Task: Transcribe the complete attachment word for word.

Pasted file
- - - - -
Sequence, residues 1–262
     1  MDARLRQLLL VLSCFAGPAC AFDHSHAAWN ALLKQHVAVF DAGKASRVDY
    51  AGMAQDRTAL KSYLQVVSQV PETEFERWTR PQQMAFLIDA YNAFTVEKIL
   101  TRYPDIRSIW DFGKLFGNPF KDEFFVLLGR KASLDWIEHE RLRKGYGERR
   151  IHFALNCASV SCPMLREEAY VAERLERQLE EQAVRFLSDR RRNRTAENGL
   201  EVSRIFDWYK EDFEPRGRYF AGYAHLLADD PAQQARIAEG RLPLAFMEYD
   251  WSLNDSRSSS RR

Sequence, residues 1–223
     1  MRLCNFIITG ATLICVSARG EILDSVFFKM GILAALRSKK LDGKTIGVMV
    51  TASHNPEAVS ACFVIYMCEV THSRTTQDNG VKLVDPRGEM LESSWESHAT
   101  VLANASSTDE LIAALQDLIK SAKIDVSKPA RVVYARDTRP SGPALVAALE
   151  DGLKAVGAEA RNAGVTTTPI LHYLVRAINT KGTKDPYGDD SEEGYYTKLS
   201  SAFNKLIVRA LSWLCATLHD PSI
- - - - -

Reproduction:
Sequence, residues 1–262
     1  MDARLRQLLL VLSCFAGPAC AFDHSHAAWN ALLKQHVAVF DAGKASRVDY
    51  AGMAQDRTAL KSYLQVVSQV PETEFERWTR PQQMAFLIDA YNAFTVEKIL
   101  TRYPDIRSIW DFGKLFGNPF KDEFFVLLGR KASLDWIEHE RLRKGYGERR
   151  IHFALNCASV SCPMLREEAY VAERLERQLE EQAVRFLSDR RRNRTAENGL
   201  EVSRIFDWYK EDFEPRGRYF AGYAHLLADD PAQQARIAEG RLPLAFMEYD
   251  WSLNDSRSSS RR

Sequence, residues 1–223
     1  MRLCNFIITG ATLICVSARG EILDSVFFKM GILAALRSKK LDGKTIGVMV
    51  TASHNPEAVS ACFVIYMCEV THSRTTQDNG VKLVDPRGEM LESSWESHAT
   101  VLANASSTDE LIAALQDLIK SAKIDVSKPA RVVYARDTRP SGPALVAALE
   151  DGLKAVGAEA RNAGVTTTPI LHYLVRAINT KGTKDPYGDD SEEGYYTKLS
   201  SAFNKLIVRA LSWLCATLHD PSI